Jun 21, 2016

Rosy lights and spirea

One of the reasons we decided to not to start from the scratch on the backyard was that it would have been such a shame to rip off the existing plants. Not that we knew what they were. It was almost we had not paid any attention at all to what was growing there before this spring. For our pleasant surprise, a beautiful pink bush started blooming in May. After a bit of research, we identified it to be Rhododendron Rosy Lights. If someone can confirm or advice otherwise, that would be just great!

Rosy Lights

Rosy Lights

A bit later in June, another bush suddenly bloomed in white. This one was identified as spirea (Spiraea betulifolia) (suom. koivuangervo) - we think. It is quite of a modest plant, but yet seems to be complementing its surroundings very well. 


Spirea

Spirea

It is like someone, some 20-30 years ago did some thinking how the little garden should be set up. Gardening is not our strongest suit, but we try the best we can. Hopefully we will bring it back to its prime once again. 

Jun 19, 2016

Fixing and cleaning

After seaming, a few more details need to be taken care of before we can rent a sanding machine and finish the surface. There were a few nooks which would collect water so Pekka spent an evening correcting those. Eino, who is quite keen on tools, cables and cars, followed with great curiosity.

Like father like son

Tonight, we also took the first step to start cleaning up the terrace. Most of the junk has been carried away, as we need clear the area for sanding and protecting. To start with the easiest one, however, Minna washed a white structure between up- and downstairs. The brick walls will follow soon, as they are covered with spots of cement dust and other dirt.  

Before and after

Much whiter (and better)!

Let's see if all the details are ready before reaching the first year celebration of the terrace project. Only two more stairs, sanding, protecting and cleaning. And then, we can hang up the hammock!

Jun 15, 2016

Visions - revisited

It was Friday night after a crazy week. The kids were finally asleep and I had just finished working on a blog post.

Time to call it a day.

But the scraping noise outside reminded me that Pekka was still, at 11 pm, finishing the terries seaming, and the sound made me think of an old blog post written back in 2014. 



This post was not about a concrete step in our never-ending renovation saga. Nor did it describe an interesting restoration project. And it was not teamwork, but written by Minna alone.

Instead, it was about respect for those who are truly visionary. For those who are passionate and determined to chase their vision without (too many) compromises. It was about the holy triage of Vision, Strategy and Implementation, and what I had learned during Project Olive Green.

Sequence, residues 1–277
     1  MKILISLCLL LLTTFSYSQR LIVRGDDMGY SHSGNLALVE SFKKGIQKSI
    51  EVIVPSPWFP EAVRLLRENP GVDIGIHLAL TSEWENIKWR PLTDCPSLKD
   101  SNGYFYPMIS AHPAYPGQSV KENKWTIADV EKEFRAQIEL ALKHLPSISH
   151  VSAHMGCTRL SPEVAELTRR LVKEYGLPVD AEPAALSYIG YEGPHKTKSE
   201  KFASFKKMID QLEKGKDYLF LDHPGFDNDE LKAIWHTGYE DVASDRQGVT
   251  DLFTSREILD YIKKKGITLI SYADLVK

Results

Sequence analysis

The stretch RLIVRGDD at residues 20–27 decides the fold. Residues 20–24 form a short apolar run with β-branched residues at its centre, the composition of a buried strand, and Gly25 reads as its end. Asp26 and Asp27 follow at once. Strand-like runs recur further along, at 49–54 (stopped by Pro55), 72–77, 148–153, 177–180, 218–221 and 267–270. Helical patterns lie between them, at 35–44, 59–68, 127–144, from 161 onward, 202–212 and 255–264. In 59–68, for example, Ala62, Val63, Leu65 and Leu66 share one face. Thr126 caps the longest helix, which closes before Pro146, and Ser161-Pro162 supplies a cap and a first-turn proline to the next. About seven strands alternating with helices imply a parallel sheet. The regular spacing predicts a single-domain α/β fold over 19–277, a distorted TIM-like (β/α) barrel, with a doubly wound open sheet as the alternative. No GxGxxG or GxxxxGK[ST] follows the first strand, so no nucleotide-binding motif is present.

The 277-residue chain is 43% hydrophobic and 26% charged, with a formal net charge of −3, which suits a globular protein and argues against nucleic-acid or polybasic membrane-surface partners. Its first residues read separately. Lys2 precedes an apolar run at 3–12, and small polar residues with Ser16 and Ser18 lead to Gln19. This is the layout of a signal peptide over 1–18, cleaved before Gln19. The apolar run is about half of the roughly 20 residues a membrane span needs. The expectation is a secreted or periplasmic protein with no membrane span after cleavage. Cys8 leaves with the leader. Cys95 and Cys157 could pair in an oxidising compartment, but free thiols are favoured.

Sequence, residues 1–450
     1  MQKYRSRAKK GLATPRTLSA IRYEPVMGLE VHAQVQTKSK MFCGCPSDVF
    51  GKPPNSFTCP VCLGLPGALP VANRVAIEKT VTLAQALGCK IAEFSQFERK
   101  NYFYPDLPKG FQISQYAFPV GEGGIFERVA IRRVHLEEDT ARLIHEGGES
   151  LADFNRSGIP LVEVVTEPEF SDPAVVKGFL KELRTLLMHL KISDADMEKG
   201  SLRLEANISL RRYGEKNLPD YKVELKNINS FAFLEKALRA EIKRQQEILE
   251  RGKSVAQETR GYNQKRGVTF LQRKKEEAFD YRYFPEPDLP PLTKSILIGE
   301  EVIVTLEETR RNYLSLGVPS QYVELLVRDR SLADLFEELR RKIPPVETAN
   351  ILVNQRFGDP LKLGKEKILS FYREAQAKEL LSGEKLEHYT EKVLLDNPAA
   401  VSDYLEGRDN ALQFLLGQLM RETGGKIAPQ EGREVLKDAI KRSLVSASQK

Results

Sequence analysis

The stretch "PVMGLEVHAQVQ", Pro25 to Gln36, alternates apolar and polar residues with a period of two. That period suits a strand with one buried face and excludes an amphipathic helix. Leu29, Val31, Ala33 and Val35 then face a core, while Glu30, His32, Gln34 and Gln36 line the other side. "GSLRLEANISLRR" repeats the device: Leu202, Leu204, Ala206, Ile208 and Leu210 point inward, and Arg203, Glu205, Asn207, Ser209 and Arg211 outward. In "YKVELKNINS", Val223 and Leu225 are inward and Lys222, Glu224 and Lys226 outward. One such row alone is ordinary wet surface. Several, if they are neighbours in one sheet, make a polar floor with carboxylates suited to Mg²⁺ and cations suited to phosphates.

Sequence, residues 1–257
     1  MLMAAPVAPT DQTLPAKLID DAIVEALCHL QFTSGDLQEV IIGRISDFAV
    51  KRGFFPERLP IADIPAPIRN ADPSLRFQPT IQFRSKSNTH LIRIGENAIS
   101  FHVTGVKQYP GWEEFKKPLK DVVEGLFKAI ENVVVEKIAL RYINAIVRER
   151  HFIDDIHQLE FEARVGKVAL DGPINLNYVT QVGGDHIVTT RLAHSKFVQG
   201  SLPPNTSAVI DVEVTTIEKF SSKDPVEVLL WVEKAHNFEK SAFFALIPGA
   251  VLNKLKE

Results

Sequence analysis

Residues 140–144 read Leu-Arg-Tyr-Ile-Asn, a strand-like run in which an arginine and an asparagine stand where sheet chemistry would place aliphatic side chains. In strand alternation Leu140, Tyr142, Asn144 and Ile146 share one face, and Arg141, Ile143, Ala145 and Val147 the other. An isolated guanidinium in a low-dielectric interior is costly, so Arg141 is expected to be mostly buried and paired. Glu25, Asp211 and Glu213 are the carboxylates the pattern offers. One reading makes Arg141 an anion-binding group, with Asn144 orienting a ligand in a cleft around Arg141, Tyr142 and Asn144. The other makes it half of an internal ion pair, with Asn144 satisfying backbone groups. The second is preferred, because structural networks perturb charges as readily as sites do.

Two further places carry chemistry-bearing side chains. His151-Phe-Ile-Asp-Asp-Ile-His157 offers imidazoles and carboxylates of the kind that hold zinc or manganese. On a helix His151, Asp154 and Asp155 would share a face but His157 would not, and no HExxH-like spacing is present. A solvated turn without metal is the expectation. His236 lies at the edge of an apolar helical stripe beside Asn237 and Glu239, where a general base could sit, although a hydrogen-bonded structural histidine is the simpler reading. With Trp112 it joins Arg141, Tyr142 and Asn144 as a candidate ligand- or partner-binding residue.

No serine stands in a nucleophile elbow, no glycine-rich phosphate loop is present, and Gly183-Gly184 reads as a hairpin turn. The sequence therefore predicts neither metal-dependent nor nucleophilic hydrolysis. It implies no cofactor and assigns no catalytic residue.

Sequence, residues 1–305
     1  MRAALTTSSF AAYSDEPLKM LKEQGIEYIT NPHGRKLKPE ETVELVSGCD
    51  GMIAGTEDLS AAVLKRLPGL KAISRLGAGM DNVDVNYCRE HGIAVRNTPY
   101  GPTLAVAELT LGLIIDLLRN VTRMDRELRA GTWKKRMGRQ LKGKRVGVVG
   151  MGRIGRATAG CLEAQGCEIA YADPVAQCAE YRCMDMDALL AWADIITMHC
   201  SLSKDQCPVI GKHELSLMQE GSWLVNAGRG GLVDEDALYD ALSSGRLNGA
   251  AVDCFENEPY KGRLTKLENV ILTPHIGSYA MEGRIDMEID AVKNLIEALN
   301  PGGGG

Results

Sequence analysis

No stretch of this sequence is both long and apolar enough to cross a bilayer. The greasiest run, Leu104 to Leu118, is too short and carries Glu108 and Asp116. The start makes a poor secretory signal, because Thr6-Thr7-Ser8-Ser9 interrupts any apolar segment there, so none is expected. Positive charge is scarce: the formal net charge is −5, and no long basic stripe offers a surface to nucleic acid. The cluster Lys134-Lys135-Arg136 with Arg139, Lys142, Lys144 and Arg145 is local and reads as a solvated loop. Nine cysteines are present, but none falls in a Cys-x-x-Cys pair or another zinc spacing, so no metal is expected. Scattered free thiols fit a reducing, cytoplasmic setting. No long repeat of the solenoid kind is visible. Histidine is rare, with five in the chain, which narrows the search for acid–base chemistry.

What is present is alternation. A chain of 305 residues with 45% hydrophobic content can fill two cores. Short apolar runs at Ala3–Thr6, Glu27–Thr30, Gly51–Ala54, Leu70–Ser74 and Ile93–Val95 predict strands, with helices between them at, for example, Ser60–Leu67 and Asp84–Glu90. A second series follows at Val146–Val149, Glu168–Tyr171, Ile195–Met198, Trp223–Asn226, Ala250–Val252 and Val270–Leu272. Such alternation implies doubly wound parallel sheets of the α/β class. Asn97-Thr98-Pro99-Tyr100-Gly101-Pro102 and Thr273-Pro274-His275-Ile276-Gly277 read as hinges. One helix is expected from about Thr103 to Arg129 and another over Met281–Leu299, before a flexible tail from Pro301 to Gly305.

After two years, I still stand behind my words. 



First, it is true what is said about realism: it is the worst enemy of creating an appealing vision. It is not easy to let one’s mind wonder unrestricted. With any project, one should imagine having pockets as deeps as a millionaire’s and a mind as powerful as Neo’s, who could modify the matrix at will. Anything less will result in settling with a suboptimal outcome. So, get obsessed with your dream first, and after you are too committed to give up, just find a way to make it happen.

Second, it is not a single strategy that can lead to a successful end result. Strategies should be adaptable. It is fine NOT to have all the answers when reluctantly crouched at the starting line. And NOT every single corner needs to be polished and fine-tuned before the kick off. A general outline is often more than sufficient. Thus, no need to be perfect. No need to have all the answers. They will come.

Finally, successful implementation is really about three basic things: confidence, patience and extremely hard work. Very few of us do have the pockets of a millionaire. Expectations in terms of time are nearly always unrealistic. And even fewer are ready to commit to the countless hours of work. So always, always add at least 25% to your budget and time needed, and you might get close to what is really required. 




But most of all, one should have no fear. Fear for aiming too high, fear for facing problems or fustration, or most of all, fear of failure. Fear, that sneaks in so well disguised that a mind lacks a fair chance fight back. Forget the fear. Crazy and unrealistic is the way to go. That is, if you want to make extraordinary things happen.

And perhaps, most importantly: know yourself. I am not one of those fearless, visionary people. Quite the contrary. But I am extremely lucky to share my life with someone who is. So each day, I'm learning something new about chasing a vision. Sometimes I get instantly inspired. Sometimes I think he's simply gone mad. But one way or another, it is always a step forward. A step closer to our shared vision.